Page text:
E: Because words, for whatever reason, seem to be the common denominator.  Reading and writing/speaking and listening are skills that almost everyone can learn.  And words are specific; you can be almost sure that your message will come across to anyone who receives it if you've written it well (as opposed to a piece of visual art, or music, or dance; the general feelings may come across all right, but the specific reactions they elicit and images they evoke will often vary enormously from what the creator intended.  Notice that these kinds of things often have a written "artist's statement" to clarify the artist's intentions and/or to shape the viewer's interpretation.  And, yes, much writing is as obscure as any Pollock and can be interpreted and debated all sorts of ways; but words can attain a higher level of precision of expression than any other medium.  Long parenthetical.).  And we in our society expect that of each other.

J: . . .

E: But to write well, in the sense of clarity, one has to conform to the nature of language, i.e. streamline.  Focus.  Cut down on...well, on the sprouts (the bean sprouts; she wants a bean feast).  Otherwise, your writing comes out like that last sentence of mine, and you lose people.  You have to own the single dimensionality.

J: Right.

E: Except that it's wrong!  Because the idea, the truth, (the elephant!) is so much more than that!  Truth is at least two-dimensional, probably more--hence painting, sculpture, music, dance, drama--but when we try to capture it in anything like its entirety, the potential for explicit, certain understanding (slim as it ever was) goes away.  And isn't the point to be understood?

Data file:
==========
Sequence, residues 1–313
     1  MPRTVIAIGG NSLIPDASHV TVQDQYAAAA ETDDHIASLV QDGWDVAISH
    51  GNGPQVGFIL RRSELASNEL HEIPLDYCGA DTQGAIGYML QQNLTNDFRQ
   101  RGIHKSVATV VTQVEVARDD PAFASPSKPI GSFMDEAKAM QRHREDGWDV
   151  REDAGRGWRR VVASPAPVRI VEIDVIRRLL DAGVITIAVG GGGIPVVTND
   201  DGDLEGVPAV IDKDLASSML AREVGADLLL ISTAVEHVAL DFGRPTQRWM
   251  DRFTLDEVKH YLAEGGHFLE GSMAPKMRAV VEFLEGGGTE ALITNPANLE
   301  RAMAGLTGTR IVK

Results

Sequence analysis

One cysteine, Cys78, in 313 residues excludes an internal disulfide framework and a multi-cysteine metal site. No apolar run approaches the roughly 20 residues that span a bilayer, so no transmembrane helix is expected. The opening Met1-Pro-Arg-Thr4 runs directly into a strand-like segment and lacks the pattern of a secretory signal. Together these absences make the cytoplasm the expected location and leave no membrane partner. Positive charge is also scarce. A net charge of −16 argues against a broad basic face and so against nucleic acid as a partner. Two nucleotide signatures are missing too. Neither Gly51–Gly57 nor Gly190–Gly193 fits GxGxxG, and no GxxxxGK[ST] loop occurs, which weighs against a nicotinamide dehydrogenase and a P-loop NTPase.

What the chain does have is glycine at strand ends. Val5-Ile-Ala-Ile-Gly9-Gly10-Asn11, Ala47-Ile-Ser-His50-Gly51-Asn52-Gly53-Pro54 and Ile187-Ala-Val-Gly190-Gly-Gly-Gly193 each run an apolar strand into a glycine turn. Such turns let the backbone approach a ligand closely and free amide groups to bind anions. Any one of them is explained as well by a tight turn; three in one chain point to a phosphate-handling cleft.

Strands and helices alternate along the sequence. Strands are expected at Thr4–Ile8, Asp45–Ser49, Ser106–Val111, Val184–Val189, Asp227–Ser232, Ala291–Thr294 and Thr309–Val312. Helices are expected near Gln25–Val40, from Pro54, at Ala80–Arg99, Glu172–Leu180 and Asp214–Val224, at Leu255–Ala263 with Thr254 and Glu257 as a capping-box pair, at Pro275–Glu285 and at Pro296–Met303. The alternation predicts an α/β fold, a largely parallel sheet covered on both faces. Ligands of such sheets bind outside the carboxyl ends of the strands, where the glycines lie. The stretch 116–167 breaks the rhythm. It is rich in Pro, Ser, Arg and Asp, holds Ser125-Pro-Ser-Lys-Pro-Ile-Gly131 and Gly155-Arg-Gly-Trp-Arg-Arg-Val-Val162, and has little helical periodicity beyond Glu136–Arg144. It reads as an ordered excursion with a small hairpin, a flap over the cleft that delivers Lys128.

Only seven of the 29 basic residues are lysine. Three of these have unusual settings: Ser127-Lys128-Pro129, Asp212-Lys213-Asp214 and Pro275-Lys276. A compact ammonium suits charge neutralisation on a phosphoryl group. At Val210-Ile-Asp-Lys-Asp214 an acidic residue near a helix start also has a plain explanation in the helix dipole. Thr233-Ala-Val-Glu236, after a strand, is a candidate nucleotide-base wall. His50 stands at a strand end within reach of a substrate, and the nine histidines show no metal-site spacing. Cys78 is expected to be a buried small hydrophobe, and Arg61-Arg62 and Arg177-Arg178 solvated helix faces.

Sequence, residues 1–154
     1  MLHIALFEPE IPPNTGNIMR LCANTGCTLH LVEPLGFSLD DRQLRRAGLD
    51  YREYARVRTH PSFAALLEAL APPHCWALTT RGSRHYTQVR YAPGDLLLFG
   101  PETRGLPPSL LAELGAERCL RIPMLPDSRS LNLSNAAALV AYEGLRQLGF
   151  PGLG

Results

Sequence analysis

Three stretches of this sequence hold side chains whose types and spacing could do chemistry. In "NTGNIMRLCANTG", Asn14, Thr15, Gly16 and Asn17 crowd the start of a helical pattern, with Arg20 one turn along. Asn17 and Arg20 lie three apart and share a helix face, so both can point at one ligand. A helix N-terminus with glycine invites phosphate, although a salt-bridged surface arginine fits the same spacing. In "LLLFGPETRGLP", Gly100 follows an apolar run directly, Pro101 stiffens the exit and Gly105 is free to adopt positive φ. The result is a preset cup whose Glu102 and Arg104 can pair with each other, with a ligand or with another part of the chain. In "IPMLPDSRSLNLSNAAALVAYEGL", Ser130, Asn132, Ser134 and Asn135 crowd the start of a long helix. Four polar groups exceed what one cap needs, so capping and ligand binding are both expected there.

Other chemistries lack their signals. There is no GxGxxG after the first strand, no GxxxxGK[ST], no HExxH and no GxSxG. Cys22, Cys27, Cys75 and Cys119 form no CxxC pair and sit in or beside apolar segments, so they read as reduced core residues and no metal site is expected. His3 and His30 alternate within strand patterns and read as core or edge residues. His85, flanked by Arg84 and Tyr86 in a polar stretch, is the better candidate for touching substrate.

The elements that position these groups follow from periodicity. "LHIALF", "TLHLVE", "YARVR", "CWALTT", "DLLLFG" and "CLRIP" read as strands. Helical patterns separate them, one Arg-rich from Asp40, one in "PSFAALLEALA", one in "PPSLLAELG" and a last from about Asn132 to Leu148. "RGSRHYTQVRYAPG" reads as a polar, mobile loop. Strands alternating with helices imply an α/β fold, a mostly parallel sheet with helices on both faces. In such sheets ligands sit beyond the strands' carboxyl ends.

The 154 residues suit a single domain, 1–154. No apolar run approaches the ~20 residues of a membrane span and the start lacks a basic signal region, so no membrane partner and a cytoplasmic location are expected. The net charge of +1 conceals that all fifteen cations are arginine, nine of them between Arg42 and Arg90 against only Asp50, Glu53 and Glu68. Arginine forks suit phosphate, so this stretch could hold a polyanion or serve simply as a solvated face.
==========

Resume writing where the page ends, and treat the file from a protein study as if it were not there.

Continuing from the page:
(?): Maybe it's okay for now, while we have to exist in a time-bound realm, to have to deal in its limitations.  We won't always be stuck with an imperfection (lack of wholeness).  Some day, some existence, we will have the capacity to see things as they are (see Moroni 7:48), and those who are with us will have a perfect understanding.

Monday, October 24, 2011

It hasn't been 21 days... It still counts, right?

Well, my dearest doge had her birthday just over a week ago.  And I really meant to make some awesome picture-type tribute to post on the day-of.  But then stuff happened, like illness and midterm millions, on top of the fact that I was having trouble thinking of something to draw that really felt right.

At the same time, My Mom and I had a little Winnie the Pooh revival where we read several of the original books by A. A. Milne.  As we read, the interactions between Pooh and Piglet kept reminding me of my interactions with Madeleine--not that I see her as one and myself as the other, but the dynamic between the two really struck a chord with me.

So I typed up a few excerpts from some of the books to share with her and anyone else who may read this.  It's not really what I expected to do for her birthday, but...

'But it isn't Easy,' said Pooh to himself. . .  'Because Poetry and Hums aren't things which you get, they're things which get you.  And all you can do is to go where they can find you.'
Eeyore Finds the Wolery

...but this is what found me.  It, in all its probable illegality, is dedicated to you, my doge.